It is the coldest day of the year. I’m riding with Omprakash on his motorbike scanning for signs of one of Kanha’s enigmatic species – other than the tiger – the vultures. And there are none to be seen. We are scanning the Kanhari beat as three other teams scan different areas of Kanha known for their vulture populations. A beat is a small unit of a range, but it can be large enough for a team to explore within a few hours; and we have only two of those.
It is .7 degrees below zero, and the grass is white as bone. The frost grows on it like fungus, crippling the movement of Kanha’s singing grasslands and turning them into silent tombstones. I am cold and cursing myself for not bringing hand gloves along as my breath turns to clouds.
Our beat adjoins Kanha, from which the tiger reserve gets its name. It is one of the first villages to be relocated outside the park. Since then Kanha has seen a dramatic land use change. Agricultural fields gave birth to grasslands, and sal trees grew taller. Kanha turned into a large mosaic of grasslands and sal forests, and the old roads that connected the village now cross over these maidans, and enter the minarets of sal, and meander through and over small streams that arise from the rolling hills.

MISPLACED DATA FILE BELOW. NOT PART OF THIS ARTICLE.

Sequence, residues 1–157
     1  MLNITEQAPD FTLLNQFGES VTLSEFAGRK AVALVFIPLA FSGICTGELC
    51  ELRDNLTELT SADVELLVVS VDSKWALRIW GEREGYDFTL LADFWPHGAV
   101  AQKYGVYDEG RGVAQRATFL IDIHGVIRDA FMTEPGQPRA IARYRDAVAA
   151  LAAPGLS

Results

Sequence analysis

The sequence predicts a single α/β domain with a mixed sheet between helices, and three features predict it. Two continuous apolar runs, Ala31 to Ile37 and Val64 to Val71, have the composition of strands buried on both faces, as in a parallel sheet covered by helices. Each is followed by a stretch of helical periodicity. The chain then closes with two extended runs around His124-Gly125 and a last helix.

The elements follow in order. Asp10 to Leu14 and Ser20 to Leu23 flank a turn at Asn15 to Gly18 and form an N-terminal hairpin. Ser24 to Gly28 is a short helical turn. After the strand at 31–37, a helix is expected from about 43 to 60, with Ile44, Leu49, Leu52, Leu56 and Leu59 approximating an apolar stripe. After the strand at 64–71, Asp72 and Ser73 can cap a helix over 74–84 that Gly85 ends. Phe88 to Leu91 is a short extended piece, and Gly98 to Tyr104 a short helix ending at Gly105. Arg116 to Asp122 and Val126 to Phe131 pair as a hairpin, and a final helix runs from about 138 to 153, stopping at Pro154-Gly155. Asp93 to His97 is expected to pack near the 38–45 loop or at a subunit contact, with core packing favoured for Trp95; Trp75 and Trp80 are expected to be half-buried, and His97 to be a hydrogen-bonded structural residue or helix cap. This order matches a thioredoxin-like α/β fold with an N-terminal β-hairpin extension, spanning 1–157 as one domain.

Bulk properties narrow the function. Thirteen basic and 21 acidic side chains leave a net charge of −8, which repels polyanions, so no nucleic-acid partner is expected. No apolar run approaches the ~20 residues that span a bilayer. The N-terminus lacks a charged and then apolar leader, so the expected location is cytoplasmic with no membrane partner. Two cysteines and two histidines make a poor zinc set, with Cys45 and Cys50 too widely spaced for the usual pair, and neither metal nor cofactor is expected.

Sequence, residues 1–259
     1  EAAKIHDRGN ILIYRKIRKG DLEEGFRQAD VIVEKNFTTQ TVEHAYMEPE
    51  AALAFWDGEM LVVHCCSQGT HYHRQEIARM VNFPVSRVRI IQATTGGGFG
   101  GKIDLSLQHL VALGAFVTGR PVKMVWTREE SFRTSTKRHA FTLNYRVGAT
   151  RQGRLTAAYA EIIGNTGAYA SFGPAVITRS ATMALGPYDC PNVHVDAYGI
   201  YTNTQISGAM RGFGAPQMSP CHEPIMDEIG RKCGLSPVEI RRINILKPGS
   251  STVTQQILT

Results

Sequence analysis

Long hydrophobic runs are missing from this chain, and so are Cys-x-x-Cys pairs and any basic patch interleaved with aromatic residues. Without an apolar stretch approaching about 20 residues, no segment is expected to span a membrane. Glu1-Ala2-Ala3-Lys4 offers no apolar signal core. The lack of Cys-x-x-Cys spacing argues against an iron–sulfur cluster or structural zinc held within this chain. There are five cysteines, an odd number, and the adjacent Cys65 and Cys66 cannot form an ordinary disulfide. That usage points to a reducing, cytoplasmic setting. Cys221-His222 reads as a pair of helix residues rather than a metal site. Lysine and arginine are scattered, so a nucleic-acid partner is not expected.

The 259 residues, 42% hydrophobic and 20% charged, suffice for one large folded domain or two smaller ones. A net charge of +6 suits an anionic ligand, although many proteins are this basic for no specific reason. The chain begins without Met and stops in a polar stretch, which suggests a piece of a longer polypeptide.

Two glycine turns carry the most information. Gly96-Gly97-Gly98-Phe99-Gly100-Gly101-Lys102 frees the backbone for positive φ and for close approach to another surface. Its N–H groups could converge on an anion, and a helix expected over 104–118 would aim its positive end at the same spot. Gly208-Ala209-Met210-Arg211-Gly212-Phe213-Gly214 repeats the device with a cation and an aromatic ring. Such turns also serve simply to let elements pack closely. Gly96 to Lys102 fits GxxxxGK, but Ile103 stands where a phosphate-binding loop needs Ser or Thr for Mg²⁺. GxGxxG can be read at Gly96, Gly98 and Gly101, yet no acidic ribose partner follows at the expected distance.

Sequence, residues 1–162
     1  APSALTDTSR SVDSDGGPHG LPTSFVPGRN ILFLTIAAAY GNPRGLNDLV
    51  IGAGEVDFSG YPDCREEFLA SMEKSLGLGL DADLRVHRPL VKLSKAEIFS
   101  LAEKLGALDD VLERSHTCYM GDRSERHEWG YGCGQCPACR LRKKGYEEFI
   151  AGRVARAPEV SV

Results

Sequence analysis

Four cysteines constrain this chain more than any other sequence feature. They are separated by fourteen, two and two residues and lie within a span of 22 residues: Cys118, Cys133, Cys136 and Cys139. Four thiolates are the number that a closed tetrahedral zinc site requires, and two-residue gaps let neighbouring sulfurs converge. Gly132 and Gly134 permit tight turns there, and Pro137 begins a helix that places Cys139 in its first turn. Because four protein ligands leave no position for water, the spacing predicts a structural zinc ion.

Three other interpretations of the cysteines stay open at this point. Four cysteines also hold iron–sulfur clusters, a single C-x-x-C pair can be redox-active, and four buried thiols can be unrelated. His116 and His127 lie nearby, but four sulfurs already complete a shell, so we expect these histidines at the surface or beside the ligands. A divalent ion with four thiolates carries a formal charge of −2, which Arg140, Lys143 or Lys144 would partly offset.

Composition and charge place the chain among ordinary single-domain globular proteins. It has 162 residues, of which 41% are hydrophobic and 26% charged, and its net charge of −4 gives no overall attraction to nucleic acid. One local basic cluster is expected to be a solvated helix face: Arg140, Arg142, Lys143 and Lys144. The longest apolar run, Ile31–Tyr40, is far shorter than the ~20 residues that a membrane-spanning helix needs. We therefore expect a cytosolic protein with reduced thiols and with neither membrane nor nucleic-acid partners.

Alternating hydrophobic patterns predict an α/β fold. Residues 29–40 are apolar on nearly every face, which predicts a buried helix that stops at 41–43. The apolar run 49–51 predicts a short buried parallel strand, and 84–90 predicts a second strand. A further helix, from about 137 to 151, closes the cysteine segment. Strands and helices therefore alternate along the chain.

We’re exploring a small waterhole and a saltlick site for signs of vultures. Two jackals cross our paths – they raise their heads to see us, and scuttle away in annoyance – who likes to move on that frost-ridden grass anyway?
The bund that separates the waterhole from the saltlick acts as a vantage for this wetland-cum-grassland. We stand and glue the binoculars to our eyes, scanning the tall stumps of old sal trees that drowned when this waterhole was created. They visit here regularly, Omprakash says. There are none. The waterhole is too big to be called a pond, but is smaller than a lake. The mist rising from it shimmers like dust of gold, and the sal wraiths cast long, ominous shadows over the still waters.